A judge has dismissed a lawsuit from a college student for injuries she sustained while protesting the election of Donald Trump on a freeway, after he declared victory in November 2016.
Protests on college campuses were a common sight after the election. At the University of California, San Diego, one such protest by hundreds of students began on campus, but ultimately moved to the nearby I-5 freeway at approximately 1:30 am. Students were presumably trying to block the freeway, a tactic which was common at the height of the Black Lives Matter protests.
As students fanned out across the lanes, they flashed the lights on their phones to signal oncoming traffic of their presence. A Caltrans (California Department of Transportation) vehicle tried to slow approaching drivers by driving in an "S" formation, but within moments, a driver went around the Caltrans vehicle and struck a student while moving at considerable speed.
The student, Maria Ana Carrola Flores, suffered a crushed pelvis and a fractured leg, among other injuries. The driver stopped and was released when it was determined he was not driving under the influence.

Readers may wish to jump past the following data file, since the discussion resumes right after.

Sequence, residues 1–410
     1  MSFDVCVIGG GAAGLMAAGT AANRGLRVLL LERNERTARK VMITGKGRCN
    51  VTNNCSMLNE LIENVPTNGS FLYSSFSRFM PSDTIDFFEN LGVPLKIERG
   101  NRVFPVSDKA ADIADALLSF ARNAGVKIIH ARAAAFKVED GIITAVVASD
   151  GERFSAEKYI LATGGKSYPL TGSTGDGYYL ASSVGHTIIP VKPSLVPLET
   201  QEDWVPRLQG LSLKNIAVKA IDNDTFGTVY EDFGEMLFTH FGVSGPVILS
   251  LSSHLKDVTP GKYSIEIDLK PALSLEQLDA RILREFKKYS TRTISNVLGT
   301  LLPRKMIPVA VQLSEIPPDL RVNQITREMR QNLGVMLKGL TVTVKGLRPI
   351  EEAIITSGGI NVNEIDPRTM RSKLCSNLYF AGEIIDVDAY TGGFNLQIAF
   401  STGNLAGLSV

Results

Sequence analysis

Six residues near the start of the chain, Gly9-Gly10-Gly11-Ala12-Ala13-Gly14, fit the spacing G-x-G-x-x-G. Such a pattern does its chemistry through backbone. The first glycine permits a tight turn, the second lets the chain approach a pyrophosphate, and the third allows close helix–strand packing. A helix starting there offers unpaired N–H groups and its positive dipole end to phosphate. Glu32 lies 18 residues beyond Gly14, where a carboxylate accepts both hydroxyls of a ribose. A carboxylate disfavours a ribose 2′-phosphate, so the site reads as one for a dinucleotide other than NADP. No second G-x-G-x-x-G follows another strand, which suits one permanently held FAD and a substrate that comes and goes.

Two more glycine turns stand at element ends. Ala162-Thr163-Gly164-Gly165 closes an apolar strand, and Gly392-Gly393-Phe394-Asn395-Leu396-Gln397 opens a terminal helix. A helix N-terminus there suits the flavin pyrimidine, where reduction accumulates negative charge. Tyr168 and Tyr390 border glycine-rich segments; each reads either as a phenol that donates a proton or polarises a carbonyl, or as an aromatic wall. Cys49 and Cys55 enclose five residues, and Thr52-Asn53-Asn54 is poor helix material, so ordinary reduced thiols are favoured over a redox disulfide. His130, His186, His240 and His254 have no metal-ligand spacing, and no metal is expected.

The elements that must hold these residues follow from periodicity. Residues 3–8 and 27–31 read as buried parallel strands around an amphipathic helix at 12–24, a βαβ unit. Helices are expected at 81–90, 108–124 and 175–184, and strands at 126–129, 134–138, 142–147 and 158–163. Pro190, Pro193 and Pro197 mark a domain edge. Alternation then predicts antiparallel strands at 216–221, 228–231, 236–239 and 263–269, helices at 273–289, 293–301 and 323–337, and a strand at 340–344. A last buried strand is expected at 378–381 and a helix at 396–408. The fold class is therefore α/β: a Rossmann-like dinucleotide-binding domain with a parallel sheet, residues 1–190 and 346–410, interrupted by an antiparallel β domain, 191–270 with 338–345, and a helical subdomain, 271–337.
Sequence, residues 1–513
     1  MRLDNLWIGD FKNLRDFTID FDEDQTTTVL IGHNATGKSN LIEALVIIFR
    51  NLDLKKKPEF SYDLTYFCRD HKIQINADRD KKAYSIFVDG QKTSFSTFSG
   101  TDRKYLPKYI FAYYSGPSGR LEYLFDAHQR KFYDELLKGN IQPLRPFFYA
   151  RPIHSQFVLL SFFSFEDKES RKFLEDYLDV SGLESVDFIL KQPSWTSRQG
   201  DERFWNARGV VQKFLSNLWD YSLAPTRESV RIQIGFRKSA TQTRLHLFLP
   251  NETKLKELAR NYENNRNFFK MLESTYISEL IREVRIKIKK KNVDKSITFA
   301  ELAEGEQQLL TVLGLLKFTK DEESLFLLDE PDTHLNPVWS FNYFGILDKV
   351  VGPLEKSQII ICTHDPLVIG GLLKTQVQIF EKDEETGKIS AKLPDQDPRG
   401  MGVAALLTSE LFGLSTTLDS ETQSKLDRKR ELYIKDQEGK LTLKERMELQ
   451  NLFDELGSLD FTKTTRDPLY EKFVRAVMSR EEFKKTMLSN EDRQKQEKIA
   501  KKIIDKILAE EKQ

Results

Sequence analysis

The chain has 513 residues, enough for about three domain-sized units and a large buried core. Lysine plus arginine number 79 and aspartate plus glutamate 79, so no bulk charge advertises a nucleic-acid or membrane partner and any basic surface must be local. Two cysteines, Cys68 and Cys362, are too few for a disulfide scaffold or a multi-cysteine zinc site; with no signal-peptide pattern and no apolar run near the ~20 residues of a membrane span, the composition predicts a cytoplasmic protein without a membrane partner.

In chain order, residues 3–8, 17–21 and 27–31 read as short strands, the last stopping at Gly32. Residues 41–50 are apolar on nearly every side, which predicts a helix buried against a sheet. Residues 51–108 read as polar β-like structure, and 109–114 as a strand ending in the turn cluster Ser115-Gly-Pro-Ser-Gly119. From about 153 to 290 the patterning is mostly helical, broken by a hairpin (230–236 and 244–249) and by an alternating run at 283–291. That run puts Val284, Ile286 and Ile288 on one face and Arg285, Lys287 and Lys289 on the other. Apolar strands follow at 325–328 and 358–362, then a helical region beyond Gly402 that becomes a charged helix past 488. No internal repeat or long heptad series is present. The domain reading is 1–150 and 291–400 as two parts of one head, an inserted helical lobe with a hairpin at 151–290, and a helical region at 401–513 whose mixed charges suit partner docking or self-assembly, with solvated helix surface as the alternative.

In 2017, Flores filed a lawsuit against the driver, the city and county of San Diego, the University of California, San Diego, and the UC Board of Regents.
Flores's attorney, Jerold Sullivan, argued that while his client accepted her responsibility for the accident, others shared blame as well. Sullivan claimed that according to Flores, campus officials had encouraged the protest, did not control it, and failed to warn students of the danger of walking onto the freeway.
According to the UC San Diego student newspaper, the Guardian, the lawsuit stated, "The protest continued all over campus for hours and was never stopped, controlled, or refrained by the County of San Diego, City of San Diego, State of California, University of California Regents, or the University of California, San Diego."
In 2018, San Diego Superior Court Judge John S. Meyer dismissed the charges against the city and county. Sullivan then filed an amended lawsuit against the remaining defendants.
It has now been revealed that the amended lawsuit has also been tossed.
The San Diego Superior Court dismissed Flores's lawsuit without prejudice on May 26, according to documents obtained by the College Fix.
Their report includes a response to the verdict from Sullivan, who said, "The person that ran her over did not have insurance and is judgment proof with no assets. Ms. Flores is left with no recourse for catastrophic physical injuries and a lifetime of medical expenses."